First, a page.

If I asked you to name some of the current threats to your health, “international trade law” probably wouldn’t be on the tip of your tongue. Yet trade agreements, and the way we negotiate them, can affect how countries regulate private interests in order to protect our health. And often, even a small change in the wording of an agreement can have huge consequences for our health.
WikiLeaks recently published confidential text from the Trans Pacific Partnership (TPP), a new trade agreement being negotiated among 12 countries which represent 800m people and 40% of the world’s GDP. The TPP is seen by its supporters as an important part of promoting trade to support economic growth and job creation.
But the leaked text has very little to do with trade. Instead it proposes higher levels of protection for corporations at the expense of the public’s health. Among these are the patenting of medical procedures and wording that could give tobacco companies the upper hand when it comes to introducing plain cigarette packaging.
WikiLeaks revealed just one section of the full agreement, the part that lays out rules for the protection of intellectual property. It is a draft for negotiation and not a final product, full of brackets and footnotes that explain the negotiating positions of each state. To interpret it fully and accurately really requires access to the whole text – but requests from public interest groups have been denied.
Supporters of intellectual property rights argue that through copyright, trademarks, and patents, these rights protect creative industries, prevent piracy, and encourage innovation. Critics point out that too much protection can prevent creativity and innovation.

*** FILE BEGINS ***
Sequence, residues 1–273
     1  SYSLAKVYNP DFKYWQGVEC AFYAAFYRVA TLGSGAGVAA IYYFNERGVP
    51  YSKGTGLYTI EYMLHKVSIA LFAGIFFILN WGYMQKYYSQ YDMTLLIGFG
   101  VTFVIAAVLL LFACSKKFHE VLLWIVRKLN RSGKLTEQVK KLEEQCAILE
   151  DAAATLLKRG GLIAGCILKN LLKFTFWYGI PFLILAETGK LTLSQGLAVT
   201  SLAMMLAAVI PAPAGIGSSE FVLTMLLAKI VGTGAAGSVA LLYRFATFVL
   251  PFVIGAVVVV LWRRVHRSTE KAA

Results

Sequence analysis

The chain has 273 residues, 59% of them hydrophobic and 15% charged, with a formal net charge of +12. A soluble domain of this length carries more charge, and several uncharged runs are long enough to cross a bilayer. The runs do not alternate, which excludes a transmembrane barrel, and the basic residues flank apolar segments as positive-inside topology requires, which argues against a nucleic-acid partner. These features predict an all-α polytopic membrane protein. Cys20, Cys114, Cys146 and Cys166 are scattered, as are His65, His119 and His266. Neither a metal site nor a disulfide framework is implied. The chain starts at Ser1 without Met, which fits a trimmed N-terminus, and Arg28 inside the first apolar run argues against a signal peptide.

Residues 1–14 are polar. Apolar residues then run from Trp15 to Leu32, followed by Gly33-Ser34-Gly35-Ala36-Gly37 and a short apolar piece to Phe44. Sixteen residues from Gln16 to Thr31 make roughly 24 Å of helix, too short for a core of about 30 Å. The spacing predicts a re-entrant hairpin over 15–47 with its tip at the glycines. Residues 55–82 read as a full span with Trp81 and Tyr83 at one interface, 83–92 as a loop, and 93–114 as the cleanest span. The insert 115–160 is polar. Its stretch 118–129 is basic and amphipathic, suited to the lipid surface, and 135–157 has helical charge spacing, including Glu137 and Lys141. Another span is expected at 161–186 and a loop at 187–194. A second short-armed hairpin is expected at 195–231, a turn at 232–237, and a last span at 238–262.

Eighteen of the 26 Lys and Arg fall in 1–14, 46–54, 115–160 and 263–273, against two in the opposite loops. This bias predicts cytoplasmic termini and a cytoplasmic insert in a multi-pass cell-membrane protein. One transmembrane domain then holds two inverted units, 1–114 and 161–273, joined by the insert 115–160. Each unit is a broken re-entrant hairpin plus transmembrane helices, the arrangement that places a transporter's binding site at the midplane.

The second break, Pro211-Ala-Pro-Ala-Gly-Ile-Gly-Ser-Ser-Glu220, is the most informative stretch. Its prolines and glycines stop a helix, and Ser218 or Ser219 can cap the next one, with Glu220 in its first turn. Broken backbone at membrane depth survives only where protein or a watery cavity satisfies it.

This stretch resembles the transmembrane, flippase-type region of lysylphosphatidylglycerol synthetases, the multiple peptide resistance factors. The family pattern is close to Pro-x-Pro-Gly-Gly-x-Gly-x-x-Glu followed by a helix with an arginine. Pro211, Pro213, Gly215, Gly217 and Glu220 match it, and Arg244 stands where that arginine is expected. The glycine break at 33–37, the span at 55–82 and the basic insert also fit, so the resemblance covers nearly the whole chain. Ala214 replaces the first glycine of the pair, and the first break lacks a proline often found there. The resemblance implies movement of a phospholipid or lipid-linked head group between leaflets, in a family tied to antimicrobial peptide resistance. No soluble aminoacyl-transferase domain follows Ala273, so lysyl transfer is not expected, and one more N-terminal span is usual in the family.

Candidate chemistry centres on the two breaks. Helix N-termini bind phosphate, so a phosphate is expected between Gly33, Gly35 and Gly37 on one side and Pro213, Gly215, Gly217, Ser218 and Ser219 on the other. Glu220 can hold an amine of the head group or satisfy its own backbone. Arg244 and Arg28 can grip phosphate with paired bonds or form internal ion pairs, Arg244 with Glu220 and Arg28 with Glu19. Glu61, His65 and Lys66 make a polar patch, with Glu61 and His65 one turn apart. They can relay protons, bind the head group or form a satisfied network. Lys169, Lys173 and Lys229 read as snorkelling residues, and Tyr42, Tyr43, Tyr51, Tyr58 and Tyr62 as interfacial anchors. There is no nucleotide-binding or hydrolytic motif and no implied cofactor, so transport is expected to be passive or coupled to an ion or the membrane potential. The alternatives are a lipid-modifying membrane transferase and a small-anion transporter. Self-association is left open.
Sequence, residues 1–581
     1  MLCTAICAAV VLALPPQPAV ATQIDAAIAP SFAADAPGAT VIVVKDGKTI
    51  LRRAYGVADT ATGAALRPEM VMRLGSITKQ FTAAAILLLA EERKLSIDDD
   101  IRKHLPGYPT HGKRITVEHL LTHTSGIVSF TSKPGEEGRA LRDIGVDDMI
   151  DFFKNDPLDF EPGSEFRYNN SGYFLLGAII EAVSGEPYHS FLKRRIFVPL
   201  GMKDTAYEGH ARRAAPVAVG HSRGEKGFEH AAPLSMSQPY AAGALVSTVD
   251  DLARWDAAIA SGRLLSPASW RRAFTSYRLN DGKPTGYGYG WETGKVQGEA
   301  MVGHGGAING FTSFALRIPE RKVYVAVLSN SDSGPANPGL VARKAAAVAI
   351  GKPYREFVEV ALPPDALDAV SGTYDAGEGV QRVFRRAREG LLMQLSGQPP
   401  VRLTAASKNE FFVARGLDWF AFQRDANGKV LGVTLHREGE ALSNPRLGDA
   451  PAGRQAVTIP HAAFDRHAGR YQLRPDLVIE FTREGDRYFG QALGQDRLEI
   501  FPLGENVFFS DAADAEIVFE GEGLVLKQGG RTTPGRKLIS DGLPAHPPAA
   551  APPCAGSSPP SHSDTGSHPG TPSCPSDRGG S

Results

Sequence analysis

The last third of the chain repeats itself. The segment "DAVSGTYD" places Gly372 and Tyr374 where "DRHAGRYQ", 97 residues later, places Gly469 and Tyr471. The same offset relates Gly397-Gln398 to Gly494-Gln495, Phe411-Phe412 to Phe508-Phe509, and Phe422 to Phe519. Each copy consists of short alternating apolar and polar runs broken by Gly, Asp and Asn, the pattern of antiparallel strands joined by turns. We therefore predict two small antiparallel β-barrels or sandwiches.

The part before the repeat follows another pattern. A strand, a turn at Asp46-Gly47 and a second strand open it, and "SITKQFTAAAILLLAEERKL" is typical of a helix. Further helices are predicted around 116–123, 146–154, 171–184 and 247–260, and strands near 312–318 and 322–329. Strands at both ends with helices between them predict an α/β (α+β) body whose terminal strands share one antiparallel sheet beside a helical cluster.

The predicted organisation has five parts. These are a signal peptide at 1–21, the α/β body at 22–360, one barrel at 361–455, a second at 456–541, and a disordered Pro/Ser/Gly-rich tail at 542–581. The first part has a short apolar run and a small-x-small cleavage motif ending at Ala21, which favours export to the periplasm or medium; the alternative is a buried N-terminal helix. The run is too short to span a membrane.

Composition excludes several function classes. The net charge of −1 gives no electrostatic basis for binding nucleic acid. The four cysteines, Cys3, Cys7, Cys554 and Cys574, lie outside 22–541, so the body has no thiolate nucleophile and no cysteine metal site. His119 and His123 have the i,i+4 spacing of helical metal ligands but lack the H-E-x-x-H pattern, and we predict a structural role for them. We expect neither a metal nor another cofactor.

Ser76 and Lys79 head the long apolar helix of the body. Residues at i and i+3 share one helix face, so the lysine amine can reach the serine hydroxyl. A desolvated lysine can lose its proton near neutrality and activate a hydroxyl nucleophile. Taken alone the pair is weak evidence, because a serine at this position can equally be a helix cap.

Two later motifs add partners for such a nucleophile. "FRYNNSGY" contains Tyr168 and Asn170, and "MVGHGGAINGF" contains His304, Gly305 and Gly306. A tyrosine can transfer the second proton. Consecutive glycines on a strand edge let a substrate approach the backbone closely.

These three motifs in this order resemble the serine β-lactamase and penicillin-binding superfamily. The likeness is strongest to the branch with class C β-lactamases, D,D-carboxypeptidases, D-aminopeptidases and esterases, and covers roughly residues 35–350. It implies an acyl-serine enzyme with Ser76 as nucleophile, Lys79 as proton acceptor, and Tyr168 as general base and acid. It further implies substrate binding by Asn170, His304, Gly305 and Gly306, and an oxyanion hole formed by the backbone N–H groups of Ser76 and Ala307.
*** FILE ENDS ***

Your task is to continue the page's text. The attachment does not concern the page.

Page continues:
Good news or bad news?
The good news for public health advocates is that the US, the most aggressive proponent of intellectual property protections, has toned down some of its most controversial requests, such as a requirement to make patents available for “new forms” of known substances.
The bad news is that very damaging ideas still remain. Among these is the patenting of medical procedures. We all know that patented products and processes are likely to be more expensive and more restrictive. The US, contrary to its own laws and the World Trade Organisation’s international agreement on intellectual property (TRIPS) proposes in the TPP that US states should make patents available for medical procedures. It’s so controversial that ten states have opposed it.
Then there’s plain cigarette packaging. Policies like the one adopted by Australia are designed to reduce the appeal of cigarettes, especially to young people, by replacing slick branded packaging with an unattractive, uniform design.
But trade deals can be used to provide the legal grounds on which companies can challenge the policy. In several places, the TPP text interprets existing trade law in ways that could cause legal problems for countries that adopt plain packaging policies. References to the Doha Declaration on TRIPS and public health, for example, narrows down a broad recognition that countries can act to protect public health without breaking trade commitments to one dealing only with access to medicines.
As tobacco firms often use trade law to challenge tobacco control policies, this narrow interpretation could leave countries with less protection to defend their tobacco regulations.